of rheumatic heart disease.


 May 4, 1950

The Legion votes to contribute funds

to the field of mental health,

 thereby playing a key role in launching

the National Association for Mental Health.

July 9, 1954

The American Legion Child Welfare Foundation

 is formed.

Today, more than $11 million has been awarded

 to youth organizations and

projects designed to help America's children.


 Sept. 1, 1966

The Legion voices great concern over

the fate of prisoners of war in Vietnam.

 Today, the Legion urges a full accounting

of all POWs and troops missing in action;

 and has formed a special group from among

the nation's major veterans’ organizations

 to continue pressing for further

resolution of this issue.

Aug. 24, 1969

The Legion's National Executive Committee

 Establishes the National Emergency Fund

 as a result of the

 effects of Hurricane Camille.


 May 1, 1972

The Legion implements a Halloween safety

program for children;

 it remains the only national program

of its kind.

April 1, 1975

The Legion-sponsored Freedom Bell goes

 aboard the Freedom Train

 during its tour of the country in

celebration of the U.S. Bicentennial.

 Six years later, the bell is dedicated at

its permanent home in Columbus Plaza,

 opposite Union Station in Washington.


Aug. 26, 1982

The Legion presents a $1 million check to

the Vietnam Veterans Memorial Fund for

 construction of the Wall in Washington,

 becoming the largest single contributor

 to the project.

July 21, 1983

The Legion announces its sponsorship

 of an independent study

on the effects of exposure to Agent Orange

 on Vietnam War veterans.

 Congress receives the results of the

"American Legion-Columbia University Study

 of Vietnam-era Veterans" in 1989.

Jan. 1, 1989

The Veterans Administration is

elevated to Cabinet-level status

as the Department of Veterans Affairs (VA).

 The Legion fought hard for the change,

 arguing that veterans deserve representation

 at the highest levels of government.

Oct. 16, 1989

The long-standing objective of the Legion

 to improve adjudication procedures for

 veterans’ claims are achieved when the

 U.S. Court of Veterans Appeals becomes operational. Most of the provisions contained

in the law creating the court were originally

 included in the Veterans Reassurance Act,

 written by the Legion and introduced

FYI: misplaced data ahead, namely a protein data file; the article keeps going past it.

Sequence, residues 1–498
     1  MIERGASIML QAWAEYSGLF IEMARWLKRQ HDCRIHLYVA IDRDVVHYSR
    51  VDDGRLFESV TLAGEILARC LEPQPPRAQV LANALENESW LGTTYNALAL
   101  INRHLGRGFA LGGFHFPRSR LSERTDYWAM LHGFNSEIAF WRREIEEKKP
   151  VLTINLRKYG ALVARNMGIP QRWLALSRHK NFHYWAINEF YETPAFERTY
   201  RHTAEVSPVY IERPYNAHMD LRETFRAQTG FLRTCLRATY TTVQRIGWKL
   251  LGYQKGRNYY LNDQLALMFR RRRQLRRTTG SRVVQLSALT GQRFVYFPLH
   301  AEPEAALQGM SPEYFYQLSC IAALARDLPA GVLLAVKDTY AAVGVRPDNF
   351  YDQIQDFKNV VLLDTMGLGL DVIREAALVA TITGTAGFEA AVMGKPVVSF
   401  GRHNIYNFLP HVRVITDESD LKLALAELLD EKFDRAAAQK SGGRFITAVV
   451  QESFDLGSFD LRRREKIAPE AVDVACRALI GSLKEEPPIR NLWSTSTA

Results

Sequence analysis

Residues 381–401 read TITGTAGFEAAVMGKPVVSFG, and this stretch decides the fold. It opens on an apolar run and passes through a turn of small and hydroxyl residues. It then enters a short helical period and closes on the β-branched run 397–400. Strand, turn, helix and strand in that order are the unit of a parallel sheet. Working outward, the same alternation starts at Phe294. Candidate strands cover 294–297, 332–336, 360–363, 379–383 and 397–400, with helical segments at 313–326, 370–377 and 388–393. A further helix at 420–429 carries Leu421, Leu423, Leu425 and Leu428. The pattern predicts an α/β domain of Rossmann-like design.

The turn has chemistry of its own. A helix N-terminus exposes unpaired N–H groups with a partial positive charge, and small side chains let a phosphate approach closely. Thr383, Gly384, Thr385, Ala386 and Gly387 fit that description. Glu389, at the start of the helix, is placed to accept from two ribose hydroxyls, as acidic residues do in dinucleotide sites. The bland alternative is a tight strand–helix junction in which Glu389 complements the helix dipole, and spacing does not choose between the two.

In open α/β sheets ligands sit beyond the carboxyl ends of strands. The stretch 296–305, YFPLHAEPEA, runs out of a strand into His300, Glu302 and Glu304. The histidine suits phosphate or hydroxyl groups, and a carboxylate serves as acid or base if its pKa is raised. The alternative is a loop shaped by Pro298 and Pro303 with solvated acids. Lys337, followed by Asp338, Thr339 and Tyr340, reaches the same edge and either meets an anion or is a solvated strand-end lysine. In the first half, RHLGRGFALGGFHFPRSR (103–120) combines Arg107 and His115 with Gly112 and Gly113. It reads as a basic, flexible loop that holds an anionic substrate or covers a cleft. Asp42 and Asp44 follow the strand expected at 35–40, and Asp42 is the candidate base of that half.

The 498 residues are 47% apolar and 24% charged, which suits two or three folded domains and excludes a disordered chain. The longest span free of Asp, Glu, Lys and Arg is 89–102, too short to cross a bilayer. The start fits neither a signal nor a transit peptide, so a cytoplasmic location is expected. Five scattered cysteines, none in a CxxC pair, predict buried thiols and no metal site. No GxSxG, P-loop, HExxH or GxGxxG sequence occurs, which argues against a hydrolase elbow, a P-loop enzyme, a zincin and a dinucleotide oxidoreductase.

in Congress in 1988.


 Aug. 2, 1990

The Legion files suit against the

federal government

 for failure to conduct a Congress-mandated

study about the effects of Agent Orange

 on veterans who served in Vietnam.

Oct. 11, 1990

The Legion creates the Family Support Network

to assist families of servicemembers deployed

for operations Desert Shield and Desert Storm

in the Middle East. Through local posts, the

 network offers a wide range of assistance,

 including financial assistance, mowing lawns,

 baby-sitting and more.

Today, FSN continues to assist families affected

 by military activation and deployment.

June 15, 1991

The Legion hosts its first Junior Shooting

 Sports National Air Rifle Championships

 at the Olympic Training Center in

 Colorado Springs, Colo.

Today, more than 2,000 high school students

 a year enter the contest,

 which teaches gun safety and marksmanship.

Aug. 24, 1994

The Legion announces the creation of

 the Citizens Flag Alliance,

 a coalition of organizations and

individual citizens

united to work for a constitutional

 amendment to protect the U.S. flag

 from physical desecration.

Since 1995, the amendment has passed in

the House by a supermajority six times:

 in 1995, 1997, 1999, 2001, 2003 and 2005.

 In 2006, the amendment fell one vote short

 of passage in the Senate.

Sept. 24, 1994:

The American Legion announces partnership

with the Smithsonian Institute’s Air and

 Space Museum to develop an exhibit for

the bomber Enola Gay, which dropped an

 atomic bomb on Hiroshima, Japan. 

 Previous museum plans had drawn

intense criticism from veterans,

 scholars and the public.

Jan. 30, 1995:

The American Legion announces acceptance

 of scaled-down exhibit

“without political commentary” for the

 Enola Gay, ending the greatest controversy

in the Smithsonian Institute’s 149-year history.

Oct. 1, 1995

The Legion forms the Persian Gulf Task Force

 to enhance service for the newest generation

 of wartime veterans, thousands of whom

suffer from illnesses linked to

 their service in the region.

Sept. 16, 1996

The Legion awards a $20,000 college scholarship

to each of the 10 inaugural Samsung

 American Legion high school scholars.